Why are salmon increasingly spawning in Arctic rivers?

The climate change forces fish to adapt by migrating north.

Recent research led by the University of Alaska Fairbanks (UAF) has confirmed a phenomenon suspected in existence: salmon are spawning in the frigid waters of Arctic Ocean watersheds. This discovery not only sheds light on the adaptability of these iconic fish but also hints at the profound impact of climate change on their habitat.

The scientists taking part in the research, which was published on the UAF website last fall, found approximately 100 chum salmon in the Anaktuvuk and Itkillik rivers on Alaska’s North Slope. These rivers, which feed into the larger Colville River, ultimately empty into the Arctic Ocean. Remarkably, all the captured fish observed in mid-September 2023 were either actively spawning or had just finished, indicating a successful reproductive cycle.

Credit: Wikimedia

The leader of the research team, UAF researcher Peter Westley, says this finding aligns with the hypothesis that salmon are migrating northward as their traditional habitats undergo significant alterations due to climate change. While many established salmon populations in regions like California are dwindling due to warming waters, the Arctic appears to be providing a new haven for these fish.

Westley, an associate professor at UAF’s College of Fisheries and Ocean Sciences, noted,

“Throughout most parts of the salmon’s range, things have gotten too warm and they’re starting to blink off.

In the Arctic, the water is getting warm enough and they’re starting to blink on.”

The roots of this groundbreaking discovery trace back to a December 2022 workshop hosted by Alaska Sea Grant, which brought together scientists, community members, and indigenous fishermen to discuss the increasing presence of salmon in Arctic waters. This gathering played a pivotal role in guiding the research team towards the Colville River watershed, approximately 60 miles southwest of Prudhoe Bay.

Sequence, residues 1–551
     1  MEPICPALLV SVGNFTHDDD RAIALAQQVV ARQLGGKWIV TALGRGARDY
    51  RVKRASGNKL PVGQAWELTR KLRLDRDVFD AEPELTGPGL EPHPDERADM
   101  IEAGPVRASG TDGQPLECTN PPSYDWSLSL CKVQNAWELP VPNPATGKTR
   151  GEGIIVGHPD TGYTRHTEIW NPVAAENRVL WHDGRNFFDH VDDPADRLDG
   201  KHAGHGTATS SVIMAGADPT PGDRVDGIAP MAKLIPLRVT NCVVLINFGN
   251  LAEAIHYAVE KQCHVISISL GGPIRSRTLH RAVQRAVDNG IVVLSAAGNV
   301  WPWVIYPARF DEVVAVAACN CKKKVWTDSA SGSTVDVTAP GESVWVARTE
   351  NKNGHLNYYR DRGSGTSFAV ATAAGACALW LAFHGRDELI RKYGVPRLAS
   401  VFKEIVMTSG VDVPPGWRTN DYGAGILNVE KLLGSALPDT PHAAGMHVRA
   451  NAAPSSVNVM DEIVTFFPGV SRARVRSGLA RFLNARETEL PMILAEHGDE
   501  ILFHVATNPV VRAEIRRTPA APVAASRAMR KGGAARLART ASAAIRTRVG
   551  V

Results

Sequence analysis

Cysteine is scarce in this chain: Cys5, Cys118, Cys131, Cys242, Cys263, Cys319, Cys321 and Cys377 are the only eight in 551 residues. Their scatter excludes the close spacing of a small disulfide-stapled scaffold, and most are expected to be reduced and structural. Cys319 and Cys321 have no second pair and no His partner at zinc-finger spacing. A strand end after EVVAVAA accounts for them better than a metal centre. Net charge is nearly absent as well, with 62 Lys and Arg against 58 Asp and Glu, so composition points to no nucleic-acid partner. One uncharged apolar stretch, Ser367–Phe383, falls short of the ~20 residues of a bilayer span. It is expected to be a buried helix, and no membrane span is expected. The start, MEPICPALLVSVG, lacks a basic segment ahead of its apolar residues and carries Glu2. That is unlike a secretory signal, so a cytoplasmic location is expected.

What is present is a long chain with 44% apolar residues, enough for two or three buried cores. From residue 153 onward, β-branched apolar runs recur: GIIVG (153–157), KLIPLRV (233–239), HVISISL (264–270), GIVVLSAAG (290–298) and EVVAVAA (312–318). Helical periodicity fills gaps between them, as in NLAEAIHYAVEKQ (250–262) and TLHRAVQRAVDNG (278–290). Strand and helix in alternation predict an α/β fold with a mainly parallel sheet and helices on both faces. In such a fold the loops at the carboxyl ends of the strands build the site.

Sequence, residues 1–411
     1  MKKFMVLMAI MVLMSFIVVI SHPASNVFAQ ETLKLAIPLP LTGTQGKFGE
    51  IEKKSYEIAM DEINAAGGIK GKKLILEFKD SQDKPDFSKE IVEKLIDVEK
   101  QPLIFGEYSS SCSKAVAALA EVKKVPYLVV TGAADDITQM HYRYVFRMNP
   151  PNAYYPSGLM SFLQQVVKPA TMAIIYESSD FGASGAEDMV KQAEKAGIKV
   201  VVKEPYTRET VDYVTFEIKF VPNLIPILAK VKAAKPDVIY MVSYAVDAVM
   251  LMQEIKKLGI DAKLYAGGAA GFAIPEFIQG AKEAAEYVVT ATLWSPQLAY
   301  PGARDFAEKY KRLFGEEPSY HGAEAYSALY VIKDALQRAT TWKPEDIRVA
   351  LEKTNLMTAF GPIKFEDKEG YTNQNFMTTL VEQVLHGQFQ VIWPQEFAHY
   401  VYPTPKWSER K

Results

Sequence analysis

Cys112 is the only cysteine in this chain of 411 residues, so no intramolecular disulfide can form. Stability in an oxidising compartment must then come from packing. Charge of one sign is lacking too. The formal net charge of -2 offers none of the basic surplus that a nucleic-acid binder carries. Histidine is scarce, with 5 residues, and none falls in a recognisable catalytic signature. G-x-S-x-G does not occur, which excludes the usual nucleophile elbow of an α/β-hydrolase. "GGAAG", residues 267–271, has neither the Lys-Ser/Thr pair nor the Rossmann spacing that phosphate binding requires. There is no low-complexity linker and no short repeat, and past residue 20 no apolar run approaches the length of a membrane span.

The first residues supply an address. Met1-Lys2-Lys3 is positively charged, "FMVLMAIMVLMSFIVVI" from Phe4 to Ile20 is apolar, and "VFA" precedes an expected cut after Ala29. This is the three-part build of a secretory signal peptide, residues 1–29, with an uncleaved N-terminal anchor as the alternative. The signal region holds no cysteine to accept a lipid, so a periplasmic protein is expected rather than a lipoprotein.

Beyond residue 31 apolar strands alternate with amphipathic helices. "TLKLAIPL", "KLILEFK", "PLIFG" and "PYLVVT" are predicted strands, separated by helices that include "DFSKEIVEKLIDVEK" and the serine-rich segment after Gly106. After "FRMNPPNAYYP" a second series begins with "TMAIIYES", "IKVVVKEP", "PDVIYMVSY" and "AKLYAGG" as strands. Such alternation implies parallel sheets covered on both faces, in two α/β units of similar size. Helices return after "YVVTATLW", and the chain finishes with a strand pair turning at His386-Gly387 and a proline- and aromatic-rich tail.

It would be wrong to state that salmon are newcomers on the North Slope – some species had lived there before, for thousands of years – but the global warming in recent years forced more of this fish to seek a new home in Arctic waters.

The research team, which included UAF’s Westley and fisheries professor Andy Seitz, graduate students Lindley and Joe Spencer, research assistant Julia McMahon, and University of Washington ecologist Andrew Berdahl, emphasized the significance of these findings for both scientific understanding and local communities.

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While salmon are renowned for returning to their natal rivers to spawn, they do exhibit occasional deviations from this pattern, particularly when seeking more hospitable environments. As Westley explained, “Straying is part of the biological story of salmon — it’s what they do. It’s a fundamental part of their biology and evolution. In the Arctic, we can see it playing out before our eyes.”

However, whether the salmon's attempts to reproduce in this region have been successful remains uncertain. To address this, researchers have left temperature sensors in some chum salmon nests to monitor whether the rivers freeze completely during the winter, potentially jeopardizing developing embryos. A follow-up expedition is planned for the fall of 2024 to search for smolt or a new wave of spawning adults.

Additionally, analyses of salmon bones and tissues will help determine whether the fish spent their entire lives in Arctic waters.

Alaska, where salmon holds significant cultural and ecological importance, is witnessing a potential paradigm shift as these fish explore new territories.

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